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Flighty, anti-work, tech-obsessed, job-hopping, cooler than thou and expectations that are impossible to live up to: Generation Z, (aka the population born between 1997 and 2012, that is now 2 billion strong worldwide) has been slapped with lots of labels.
With over 61 million Zoomers of working age in the US alone, employers are eager to understand the rising workplace majority.
To get the real story, we surveyed 1,000 US-based workers between the ages of 18-24. We asked them what they wanted their career trajectories to look like and where they saw themselves going at their current companies. Based on this research, we found most of the aforementioned assumptions don’t hold water.
“They are anti-work..”
Our survey found a whopping 75% of Gen Z employees said they regard their career as a path to achieve self-fulfillment. In other words, the job they pursue isn’t an afterthought but something of profound importance.
What’s critical to recognize, however, is that Zoomers are discerning. They want to know their work is meaningful. Recognize that for this generation a career isn’t just a paycheck, but a means of expressing and nurturing one’s own purpose.
Ultimately, employers must ensure that their employees can connect their day-to-day work with their own goals, as well as the company’s mission.
“They want to work remotely…”
As digital natives raised on screens, Gen Z may be right at home with remote work, but it’s a mistake to presume Zoomers are happiest on Zoom. In fact, just 17% of these employees prefer to work completely remote and almost two-thirds would rather be in the office at least some of the time. Anyone who remembers their first “real job,” can probably understand why.
Office life remains a formative experience: it’s where we meet friends, valued colleagues and even future spouses. It’s a living lab to absorb first-hand lessons on leadership and the principles of constructive disagreement. It’s where you learn the unspoken, but hugely important, rules about how to navigate the world of work.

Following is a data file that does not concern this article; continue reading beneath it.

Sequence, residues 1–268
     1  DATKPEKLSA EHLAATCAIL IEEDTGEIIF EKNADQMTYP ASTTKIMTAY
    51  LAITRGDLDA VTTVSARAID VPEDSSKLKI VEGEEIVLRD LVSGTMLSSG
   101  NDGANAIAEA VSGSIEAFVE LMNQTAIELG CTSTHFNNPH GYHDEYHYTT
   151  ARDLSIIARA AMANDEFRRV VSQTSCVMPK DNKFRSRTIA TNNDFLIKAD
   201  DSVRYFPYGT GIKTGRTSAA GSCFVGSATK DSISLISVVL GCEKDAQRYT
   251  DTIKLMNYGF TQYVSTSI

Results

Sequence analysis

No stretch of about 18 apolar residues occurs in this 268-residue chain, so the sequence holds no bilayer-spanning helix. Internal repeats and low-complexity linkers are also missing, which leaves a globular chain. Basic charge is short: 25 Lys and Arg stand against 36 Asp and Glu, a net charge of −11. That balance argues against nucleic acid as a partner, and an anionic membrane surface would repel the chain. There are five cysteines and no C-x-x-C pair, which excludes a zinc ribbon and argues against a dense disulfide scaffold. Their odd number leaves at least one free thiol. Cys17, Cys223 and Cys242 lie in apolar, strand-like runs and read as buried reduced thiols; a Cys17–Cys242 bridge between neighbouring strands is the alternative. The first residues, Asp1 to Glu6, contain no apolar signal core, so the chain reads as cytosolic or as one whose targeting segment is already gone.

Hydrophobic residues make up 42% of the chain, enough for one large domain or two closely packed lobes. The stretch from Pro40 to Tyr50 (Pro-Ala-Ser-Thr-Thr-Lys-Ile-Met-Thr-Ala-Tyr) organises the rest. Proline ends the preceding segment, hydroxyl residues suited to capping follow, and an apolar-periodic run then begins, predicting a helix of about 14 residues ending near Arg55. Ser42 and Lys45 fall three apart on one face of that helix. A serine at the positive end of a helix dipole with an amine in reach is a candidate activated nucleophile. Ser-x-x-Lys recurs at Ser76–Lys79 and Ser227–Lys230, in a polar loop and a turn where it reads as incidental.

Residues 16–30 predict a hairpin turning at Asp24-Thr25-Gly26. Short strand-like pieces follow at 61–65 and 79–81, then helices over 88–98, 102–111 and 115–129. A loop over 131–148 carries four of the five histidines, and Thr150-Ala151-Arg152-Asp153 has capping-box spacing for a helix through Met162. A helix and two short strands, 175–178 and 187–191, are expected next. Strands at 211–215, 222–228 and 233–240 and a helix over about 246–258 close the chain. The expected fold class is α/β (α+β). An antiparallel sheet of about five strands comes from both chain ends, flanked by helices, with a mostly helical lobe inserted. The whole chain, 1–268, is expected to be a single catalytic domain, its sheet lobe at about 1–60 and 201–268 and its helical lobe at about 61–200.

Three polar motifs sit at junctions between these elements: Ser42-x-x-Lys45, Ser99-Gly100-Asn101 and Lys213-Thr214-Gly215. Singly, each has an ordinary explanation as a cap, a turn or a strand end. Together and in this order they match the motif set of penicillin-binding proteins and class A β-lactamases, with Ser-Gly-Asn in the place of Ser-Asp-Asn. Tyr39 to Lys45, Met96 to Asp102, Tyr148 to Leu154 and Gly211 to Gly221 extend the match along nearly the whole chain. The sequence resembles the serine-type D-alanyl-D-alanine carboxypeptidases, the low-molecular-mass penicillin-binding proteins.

For companies, the key is not to jump to conclusions about how your employees want to work. Flexibility is paramount, and asking your workers about their preferences can make them feel valued.
“They have no desire to climb the corporate ladder…”
The data shows 66% of Gen Z employees are interested in a management role at their current company.
Motivations are practical: sixty-one percent of Zoomers said better pay and benefits made management most appealing. For all their idealism, this is a generation who knows the good life doesn’t come cheap and sustaining the standard of living idealized on social media requires serious capital.
To keep the new generation of workers engaged, it’s important to satisfy employees’ desire for control over their careers without sacrificing operational needs. People want to see progress and if they go too long without a promotion, they’re more likely to quit.
“They are driven by instant gratification…”
The Zoomers we surveyed identified being a mentor, influencing company direction and having more say in decision-making as priorities. In short, they crave impact.
Gen Z has experienced the power of digital technologies to accelerate change. They’ve seen social movements launched with a single Tweet and good ideas go from Kickstarter to execution in a matter of weeks.
For employers, it’s key to recognize that these workers have little patience for internal processes and bureaucracy. If Zoomers feel like they’re stagnating or their work isn’t contributing real value, they won’t likely stick around. Leaders must find ways to trim the fat from processes that no longer serve employees and make it crystal clear to workers where they’re making a difference.
“They are job-hoppers…”
More than half of Zoomer employees say they plan to stay at their current company for at least three years –– and more than a quarter say they’ll stay for five years or more.
This demographic has lived through a major recession, come of age in the gig work economy and seen whole career paths replaced by algorithms. Having seen all that disruption, it’s not surprising many Zoomers now prize stability at work.
Employers can tap into Gen Z loyalty by showing employees they’re valued as individuals. This means recognizing their contributions and their aspirations. It means mapping clear career trajectories and — above all — transcending transactional relationships and HR software that treat workers as numbers in a spreadsheet.
Scientists and intellectuals have used the idea of generations since the 1800s to make sense of social and cultural change. But the truth is these are, at best, approximations and, at worst, distortions. Transcending simplistic stereotypes is the first, critical step for employers to tap into the next great wave of talent to come through their doors.